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CD sales continue to fall behind digital downloads

Newly released figures, from the Recording Industry Association of America (RIAA), show that a mere 41 million shiny compact discs were bought by consumers between January and June. This is a considerable drop down from the 56.8 million units sold during the same period in 2014.

In contrast digital downloads and music streaming are proving very popular. Music streaming in particular is proving a success. In the same period revenues from playing music over the Internet climbed by 23 percent and stand at a staggering £1 billion. This means that people are preferring to play music rather than own it as a physical medium. Music streaming account for over a third of the income generated by record companies from music sales. Companies offering streaming services, according to CNET, include Spotify, Apple Music, Tidal, Rhapsody, Amazon, Rdio, Deezer and Google Music.

Overall, the U.S. music industry has earned $3.17 billion for the year-to-date. Digital downloads remain the most profitable medium, worth $1.3 billion for the latest period. This shows that a sizable number of people still want to “own” the music (even if it is in the form of an mp3.)

Not every music lover is a fan of digitized music, criticizing the “tinny” sound. It is perhaps for this reason that vinyl sales remain strong. Plenty of music fans still love the crackle of the needle upon plastic, reading along to the lyric sheet or gazing at the album artwork. In the U.S., vinyl sales have grown 52 percent in the first half of 2015, allowing record labels to make $222 million. What is more remarkable about this figure for old fashioned vinyl is that it now accounts for half of the amount the compact disc sales generate. There really is a vinyl revival happening.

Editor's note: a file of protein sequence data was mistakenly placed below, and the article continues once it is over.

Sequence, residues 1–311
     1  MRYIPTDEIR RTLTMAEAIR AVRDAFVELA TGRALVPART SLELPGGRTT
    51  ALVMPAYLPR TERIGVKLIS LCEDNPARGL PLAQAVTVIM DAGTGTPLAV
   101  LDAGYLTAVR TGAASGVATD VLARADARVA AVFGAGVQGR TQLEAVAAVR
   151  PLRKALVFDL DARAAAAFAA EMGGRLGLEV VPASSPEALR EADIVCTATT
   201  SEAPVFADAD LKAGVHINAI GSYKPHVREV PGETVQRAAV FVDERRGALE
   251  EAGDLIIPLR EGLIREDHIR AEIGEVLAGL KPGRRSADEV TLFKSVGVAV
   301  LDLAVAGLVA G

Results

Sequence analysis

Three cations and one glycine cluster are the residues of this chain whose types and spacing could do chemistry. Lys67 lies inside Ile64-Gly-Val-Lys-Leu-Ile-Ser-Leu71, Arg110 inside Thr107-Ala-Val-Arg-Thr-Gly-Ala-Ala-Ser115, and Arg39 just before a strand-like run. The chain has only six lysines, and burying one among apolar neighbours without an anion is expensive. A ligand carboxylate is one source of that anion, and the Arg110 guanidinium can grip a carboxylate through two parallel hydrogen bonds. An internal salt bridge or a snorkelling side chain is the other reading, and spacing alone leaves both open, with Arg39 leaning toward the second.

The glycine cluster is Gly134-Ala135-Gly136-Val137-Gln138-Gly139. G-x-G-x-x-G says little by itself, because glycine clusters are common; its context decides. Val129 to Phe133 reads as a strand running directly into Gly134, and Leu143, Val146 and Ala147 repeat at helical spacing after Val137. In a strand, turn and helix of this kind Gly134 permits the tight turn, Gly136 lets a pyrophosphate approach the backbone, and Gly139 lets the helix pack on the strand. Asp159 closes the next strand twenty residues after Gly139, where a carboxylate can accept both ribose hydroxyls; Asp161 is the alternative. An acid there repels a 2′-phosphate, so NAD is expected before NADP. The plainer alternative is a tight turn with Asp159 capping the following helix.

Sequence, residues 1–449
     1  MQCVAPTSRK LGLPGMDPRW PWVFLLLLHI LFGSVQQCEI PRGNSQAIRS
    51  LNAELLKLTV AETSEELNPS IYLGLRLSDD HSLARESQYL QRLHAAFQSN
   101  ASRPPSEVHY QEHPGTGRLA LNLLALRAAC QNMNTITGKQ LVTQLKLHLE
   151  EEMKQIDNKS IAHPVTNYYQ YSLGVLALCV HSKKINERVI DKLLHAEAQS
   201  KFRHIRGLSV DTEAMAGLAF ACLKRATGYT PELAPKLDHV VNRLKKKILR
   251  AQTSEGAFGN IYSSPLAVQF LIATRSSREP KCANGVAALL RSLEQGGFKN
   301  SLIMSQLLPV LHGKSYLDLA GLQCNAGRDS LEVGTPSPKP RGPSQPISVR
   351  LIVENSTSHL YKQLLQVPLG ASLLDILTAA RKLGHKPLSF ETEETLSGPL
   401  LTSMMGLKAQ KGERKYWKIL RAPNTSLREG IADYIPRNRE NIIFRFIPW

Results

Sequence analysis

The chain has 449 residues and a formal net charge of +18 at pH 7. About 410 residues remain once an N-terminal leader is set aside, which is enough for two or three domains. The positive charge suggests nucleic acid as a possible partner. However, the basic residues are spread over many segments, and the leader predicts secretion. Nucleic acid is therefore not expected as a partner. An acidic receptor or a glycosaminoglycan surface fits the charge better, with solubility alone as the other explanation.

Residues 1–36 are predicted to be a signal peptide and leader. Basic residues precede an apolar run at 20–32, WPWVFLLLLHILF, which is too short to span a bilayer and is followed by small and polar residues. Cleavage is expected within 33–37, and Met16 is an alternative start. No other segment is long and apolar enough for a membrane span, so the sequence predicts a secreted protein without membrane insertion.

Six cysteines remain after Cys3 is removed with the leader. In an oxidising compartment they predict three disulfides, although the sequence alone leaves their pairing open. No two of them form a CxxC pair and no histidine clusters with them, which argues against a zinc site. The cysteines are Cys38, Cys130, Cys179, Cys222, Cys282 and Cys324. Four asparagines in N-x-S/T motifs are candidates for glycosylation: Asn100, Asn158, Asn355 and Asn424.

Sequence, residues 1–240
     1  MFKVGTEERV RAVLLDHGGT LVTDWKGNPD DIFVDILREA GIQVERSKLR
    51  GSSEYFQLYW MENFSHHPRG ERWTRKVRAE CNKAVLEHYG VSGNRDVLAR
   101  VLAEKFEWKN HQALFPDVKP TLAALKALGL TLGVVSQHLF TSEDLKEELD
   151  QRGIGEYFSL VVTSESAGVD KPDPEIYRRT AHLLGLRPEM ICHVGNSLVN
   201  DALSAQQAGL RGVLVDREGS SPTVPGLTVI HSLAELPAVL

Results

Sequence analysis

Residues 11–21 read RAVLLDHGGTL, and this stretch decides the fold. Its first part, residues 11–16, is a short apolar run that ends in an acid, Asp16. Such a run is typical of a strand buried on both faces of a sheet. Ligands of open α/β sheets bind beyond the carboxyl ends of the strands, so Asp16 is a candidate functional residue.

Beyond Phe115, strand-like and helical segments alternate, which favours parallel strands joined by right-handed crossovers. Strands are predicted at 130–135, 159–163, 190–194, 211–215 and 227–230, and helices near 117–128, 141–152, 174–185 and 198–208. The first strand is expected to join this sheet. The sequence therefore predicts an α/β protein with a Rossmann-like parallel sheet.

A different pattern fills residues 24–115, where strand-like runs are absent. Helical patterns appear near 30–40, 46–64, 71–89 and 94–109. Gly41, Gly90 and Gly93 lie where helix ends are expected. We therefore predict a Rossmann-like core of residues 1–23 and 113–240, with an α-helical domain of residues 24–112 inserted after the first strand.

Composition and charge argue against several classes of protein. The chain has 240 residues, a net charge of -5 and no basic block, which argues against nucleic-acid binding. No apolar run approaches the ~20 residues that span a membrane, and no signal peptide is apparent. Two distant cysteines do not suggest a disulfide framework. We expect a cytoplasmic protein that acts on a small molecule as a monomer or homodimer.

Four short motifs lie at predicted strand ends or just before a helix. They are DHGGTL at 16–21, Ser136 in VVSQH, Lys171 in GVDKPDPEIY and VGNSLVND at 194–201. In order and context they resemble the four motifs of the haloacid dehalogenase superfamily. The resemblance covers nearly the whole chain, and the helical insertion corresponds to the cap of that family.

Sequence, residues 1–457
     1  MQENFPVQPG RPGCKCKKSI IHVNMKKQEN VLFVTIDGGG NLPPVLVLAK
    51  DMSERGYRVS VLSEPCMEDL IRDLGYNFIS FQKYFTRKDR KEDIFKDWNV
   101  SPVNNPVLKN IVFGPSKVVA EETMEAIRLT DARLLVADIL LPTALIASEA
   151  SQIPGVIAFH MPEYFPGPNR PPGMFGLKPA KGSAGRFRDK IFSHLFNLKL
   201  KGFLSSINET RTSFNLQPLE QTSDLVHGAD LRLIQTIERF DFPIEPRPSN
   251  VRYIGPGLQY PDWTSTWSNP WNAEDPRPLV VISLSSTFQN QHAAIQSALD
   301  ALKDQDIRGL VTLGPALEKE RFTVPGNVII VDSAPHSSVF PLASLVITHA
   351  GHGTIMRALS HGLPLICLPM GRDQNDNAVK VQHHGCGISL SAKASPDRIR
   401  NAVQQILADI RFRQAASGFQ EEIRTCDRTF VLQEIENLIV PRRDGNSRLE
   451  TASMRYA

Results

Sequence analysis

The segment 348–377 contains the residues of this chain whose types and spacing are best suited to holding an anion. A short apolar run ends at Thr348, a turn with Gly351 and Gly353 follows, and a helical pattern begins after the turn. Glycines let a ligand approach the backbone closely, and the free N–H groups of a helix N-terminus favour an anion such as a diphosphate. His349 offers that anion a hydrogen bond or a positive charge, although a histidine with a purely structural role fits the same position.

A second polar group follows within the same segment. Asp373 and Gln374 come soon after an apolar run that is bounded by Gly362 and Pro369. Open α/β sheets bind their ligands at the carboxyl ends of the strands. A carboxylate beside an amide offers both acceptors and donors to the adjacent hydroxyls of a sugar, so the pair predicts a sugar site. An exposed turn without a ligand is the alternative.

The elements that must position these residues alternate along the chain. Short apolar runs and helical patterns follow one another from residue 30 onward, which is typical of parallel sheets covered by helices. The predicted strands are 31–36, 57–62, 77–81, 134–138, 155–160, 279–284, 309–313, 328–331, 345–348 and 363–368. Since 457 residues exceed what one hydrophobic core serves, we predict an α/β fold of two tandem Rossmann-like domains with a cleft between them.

Speaking with the BBC, RIAA Chairman Cary Sherman noted that the figures showed “the story of a business undergoing an enormous transition.”

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Written By

Dr. Tim Sandle is Digital Journal's Editor-at-Large for science news. Tim specializes in science, technology, environmental, business, and health journalism. He is additionally a practising microbiologist; and an author. He is also interested in history, politics and current affairs.

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